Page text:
Category Archives: Latest threats

Scam Alert: Digi Phishing Campaign Detected, Asking Credentials for a Prize

Summary: we discovered a Digi phishing campaign targeted at Romanian internet users. However, the campaign is displaying tailored content for each country, so its actual target pool is much larger. The malicious domains could be accessed from organic Google search results and led the user to a page with Digi branding elements.

Once there, the users were invited to go through some steps, ‘win’ a prize consisting of a new smartphone and then claim the ‘prize’ by submitting their personal details, including credit card information.

How Does the Digi Phishing Campaign Work?

Incidentally, we found these malicious websites while looking for Antivirus-related search words on Google. It’s pretty ironic if I think about it since people who are looking for cybersecurity software could be well enough prepared to recognize a phishing campaign. Of course, I suspect that this is not the only search that could lead to these malicious but organic results to be displayed.

malicious organic search results

The malicious link for the Digi phishing campaign only worked if accessed from Google. If we attempted to access them directly, the browser just entered a redirect loop and nothing was loaded.

Once we accessed the website, the page first asked for verification of humanity (the standard ‘Confirm you are not a robot’ checkbox). Oddly, this first screen was displayed in Spanish, although the next ones are in Romanian, based on the correct identification of our location.

digi phishing campaign pic 1

After moving past the human confirmation screen, a page imitating the Digi brand is displayed. The page offers congratulations for being ‘one of the selected 100 users’ eligible to receive a smartphone gift. But before you can receive your gift, you need to answer 9 questions.

digi phishing campaign pic 2

The questions are well crafted as to not arouse suspicion. All of them were about the devices you use, what other internet and cable providers have you had, that kind of stuff – it can seem like legitimate competitor research questions a brand can ask its users.

After moving through the questions, you get another confirmation that you answered all of them, that no duplicate IP entries were found and that you are indeed about to get the smartphone reward.

digi phishing campaign page 3

Clicking ‘Next’ will take you to a page displaying the smartphone prize and asking for your email, as well as a confirmation you are over 18.

digi phishing campaign pic 4

After entering your email, you are asked for your credit card details, allowing you to ‘buy’ the smartphone for 4.99 RON, the approximate equivalent of 1 EURO. There’s also a countdown timer on the offer to make you feel the FOMO.

Judging by the bad grammar and spelling on this page, I have a strong hunch that this Digi phishing campaign displays in other languages as well, probably across Europe. 

digi phishing campaign pic 5

These are the malicious URLs we identified as part of this Digi phishing campaign (but they do not work if accessed directly, only if accessed through search results):{browser}&p=599&lpkey=15017060014a220f78&source=AdCash&campaign=173949420&zone=2048991-600419873-0&subzone=Adsterra&uclick=2tdv1ne2bl#

Meanwhile, our own cybersecurity software (the DNS traffic filtering engine in Thor Foresight Home) blocks all of the above.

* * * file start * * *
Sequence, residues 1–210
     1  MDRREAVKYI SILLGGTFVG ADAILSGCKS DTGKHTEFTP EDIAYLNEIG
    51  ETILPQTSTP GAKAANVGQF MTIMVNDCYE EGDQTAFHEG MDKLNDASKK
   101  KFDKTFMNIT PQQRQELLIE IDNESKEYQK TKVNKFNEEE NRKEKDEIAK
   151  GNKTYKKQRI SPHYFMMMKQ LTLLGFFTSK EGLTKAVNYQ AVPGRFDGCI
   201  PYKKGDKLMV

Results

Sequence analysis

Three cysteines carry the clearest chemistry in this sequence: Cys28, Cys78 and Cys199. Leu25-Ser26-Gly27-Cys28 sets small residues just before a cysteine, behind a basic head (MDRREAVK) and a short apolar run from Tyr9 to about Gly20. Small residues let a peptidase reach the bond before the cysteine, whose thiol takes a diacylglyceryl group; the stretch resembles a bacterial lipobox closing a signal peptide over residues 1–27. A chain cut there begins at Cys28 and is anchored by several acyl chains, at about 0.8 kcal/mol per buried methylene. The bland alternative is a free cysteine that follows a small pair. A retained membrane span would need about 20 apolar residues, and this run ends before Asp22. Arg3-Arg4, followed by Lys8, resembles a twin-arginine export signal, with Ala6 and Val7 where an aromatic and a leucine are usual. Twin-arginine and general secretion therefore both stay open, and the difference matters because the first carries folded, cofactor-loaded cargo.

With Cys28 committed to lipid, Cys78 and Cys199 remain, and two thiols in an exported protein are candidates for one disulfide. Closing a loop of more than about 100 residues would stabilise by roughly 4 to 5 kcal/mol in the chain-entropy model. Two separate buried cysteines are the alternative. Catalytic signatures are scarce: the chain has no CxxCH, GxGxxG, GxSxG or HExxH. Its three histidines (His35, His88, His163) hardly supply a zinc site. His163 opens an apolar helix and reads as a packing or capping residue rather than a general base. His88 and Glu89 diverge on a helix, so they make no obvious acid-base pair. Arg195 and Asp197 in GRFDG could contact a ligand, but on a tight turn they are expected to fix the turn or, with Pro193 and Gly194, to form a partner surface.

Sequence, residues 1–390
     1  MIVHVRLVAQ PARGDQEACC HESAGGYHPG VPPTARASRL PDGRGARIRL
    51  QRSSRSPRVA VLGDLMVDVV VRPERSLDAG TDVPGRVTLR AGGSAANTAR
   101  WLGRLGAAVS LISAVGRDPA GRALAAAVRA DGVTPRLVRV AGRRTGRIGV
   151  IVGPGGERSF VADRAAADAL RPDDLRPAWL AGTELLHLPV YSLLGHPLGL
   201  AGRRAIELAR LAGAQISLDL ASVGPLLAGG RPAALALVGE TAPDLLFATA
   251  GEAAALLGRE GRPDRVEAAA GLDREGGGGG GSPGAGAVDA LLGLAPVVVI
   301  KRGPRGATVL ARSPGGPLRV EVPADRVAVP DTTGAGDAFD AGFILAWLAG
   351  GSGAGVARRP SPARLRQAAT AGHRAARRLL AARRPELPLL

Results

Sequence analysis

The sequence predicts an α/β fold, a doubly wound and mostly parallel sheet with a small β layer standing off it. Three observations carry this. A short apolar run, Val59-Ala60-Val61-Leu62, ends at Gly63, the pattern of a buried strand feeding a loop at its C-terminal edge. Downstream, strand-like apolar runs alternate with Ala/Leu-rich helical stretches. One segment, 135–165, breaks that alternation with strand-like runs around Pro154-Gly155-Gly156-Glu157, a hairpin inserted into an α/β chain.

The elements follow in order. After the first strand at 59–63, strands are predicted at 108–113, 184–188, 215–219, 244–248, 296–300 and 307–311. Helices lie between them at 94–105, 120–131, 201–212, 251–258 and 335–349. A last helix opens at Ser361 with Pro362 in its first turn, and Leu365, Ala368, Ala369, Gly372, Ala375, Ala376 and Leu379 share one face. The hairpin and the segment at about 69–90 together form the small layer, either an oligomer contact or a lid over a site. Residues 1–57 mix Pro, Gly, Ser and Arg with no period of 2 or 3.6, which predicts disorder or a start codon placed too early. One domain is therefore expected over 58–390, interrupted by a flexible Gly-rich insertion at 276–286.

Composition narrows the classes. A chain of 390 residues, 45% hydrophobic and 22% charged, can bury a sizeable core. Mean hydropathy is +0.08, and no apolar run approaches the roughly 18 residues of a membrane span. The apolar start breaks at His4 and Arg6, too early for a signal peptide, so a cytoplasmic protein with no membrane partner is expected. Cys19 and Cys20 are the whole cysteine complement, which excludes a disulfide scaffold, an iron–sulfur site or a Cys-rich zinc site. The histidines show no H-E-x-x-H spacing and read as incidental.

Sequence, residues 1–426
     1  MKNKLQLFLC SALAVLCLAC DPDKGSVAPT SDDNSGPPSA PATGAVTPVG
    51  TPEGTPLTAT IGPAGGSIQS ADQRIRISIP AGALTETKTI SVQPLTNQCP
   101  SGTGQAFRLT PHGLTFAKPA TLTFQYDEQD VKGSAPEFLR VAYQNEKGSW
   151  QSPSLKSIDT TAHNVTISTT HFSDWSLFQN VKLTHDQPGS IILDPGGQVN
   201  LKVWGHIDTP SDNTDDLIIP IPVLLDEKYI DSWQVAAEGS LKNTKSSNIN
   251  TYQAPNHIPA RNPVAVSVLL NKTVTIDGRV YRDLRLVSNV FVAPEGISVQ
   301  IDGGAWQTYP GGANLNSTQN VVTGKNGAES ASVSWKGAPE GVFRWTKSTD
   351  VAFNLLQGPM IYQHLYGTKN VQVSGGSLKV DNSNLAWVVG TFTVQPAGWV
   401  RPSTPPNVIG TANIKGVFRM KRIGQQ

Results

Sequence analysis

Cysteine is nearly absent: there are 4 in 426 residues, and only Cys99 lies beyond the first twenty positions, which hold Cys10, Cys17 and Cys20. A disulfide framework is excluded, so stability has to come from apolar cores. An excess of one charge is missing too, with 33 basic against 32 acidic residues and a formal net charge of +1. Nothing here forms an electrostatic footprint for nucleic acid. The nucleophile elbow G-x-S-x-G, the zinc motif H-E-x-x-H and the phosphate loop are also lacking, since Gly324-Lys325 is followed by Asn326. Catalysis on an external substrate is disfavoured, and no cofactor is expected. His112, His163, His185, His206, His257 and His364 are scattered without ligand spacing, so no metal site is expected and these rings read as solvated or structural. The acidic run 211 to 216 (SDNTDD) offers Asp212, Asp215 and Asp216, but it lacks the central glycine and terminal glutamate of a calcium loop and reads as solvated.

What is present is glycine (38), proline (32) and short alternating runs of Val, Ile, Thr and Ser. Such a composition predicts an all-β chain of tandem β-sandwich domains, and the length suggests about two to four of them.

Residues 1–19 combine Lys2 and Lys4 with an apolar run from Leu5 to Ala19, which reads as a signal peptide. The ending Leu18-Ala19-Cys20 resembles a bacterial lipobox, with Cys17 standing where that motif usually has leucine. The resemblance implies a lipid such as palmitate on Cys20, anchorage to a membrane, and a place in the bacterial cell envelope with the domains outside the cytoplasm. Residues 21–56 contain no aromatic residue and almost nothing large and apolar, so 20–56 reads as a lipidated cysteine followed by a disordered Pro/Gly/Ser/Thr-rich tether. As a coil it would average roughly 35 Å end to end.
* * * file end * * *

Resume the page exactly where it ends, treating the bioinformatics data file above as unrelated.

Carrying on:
Context: Another Campaign Which Fakes Digi Branding, but on Social Media

As it happens, another fraudulent campaign using the Digi branding has been identified in the past few days, on social media. There were 5 fake Facebook Digi accounts posing as the official page, even if they were clearly recently created and had very few likes. Link to full story HERE (the text is written in Romanian).

Even more weirdly, one of the pages also ran a sponsored campaign on Facebook, attempting to grow its user pool. The incident is unanimously believed to be a part of a potential electoral fraud campaign, preparing to flood people with fake news in order to influence their votes.

This Digi fake accounts campaign is not so different from the Cambridge Analytica scandal and also with some Russian involvement. Some of the ‘o’ characters in these fake Digi pages were not quite right, and a closer look revealed that the input method had been a Russian keyboard, using the Cyrillic equivalent of ‘o’.

Potential of Electoral Fraud?

Such campaigns have a huge potential for electoral fraud and other types of social engineering. While the two types of campaigns discovered could be unconnected, I’m not yet sure it’s all a coincidence.

It’s clear that the objective of the first campaign was to collect credit card details for some type of actual financial theft. It’s also true that Digi is a very well-known brand, so it makes sense for any hacking group to use its image for a campaign.

But at the same time, I am also concerned that the two Digi phishing campaigns are not unrelated and hacking into people’s wallets is just another offshoot of malicious intent. Especially since elections are upcoming and social engineering has already proved its potential for evil, I suspect we will see more in the following months.

How to Stay Safe from Phishing and Social Engineering in General:

We’ve written dedicated guides on how to stay safe from phishing and how to recognize social engineering. Please feel free to browse them and take some precautions from there.

In a nutshell, the most important take-away from the Digi phishing campaign is this: never fail to verify whether a domain you are accessing is the real deal. You can do this by checking its name in the address bar, by closing the tab and going to the official website, or even by contacting the customer service to be found on the official page. If an offer sounds too good to be true, it probably is.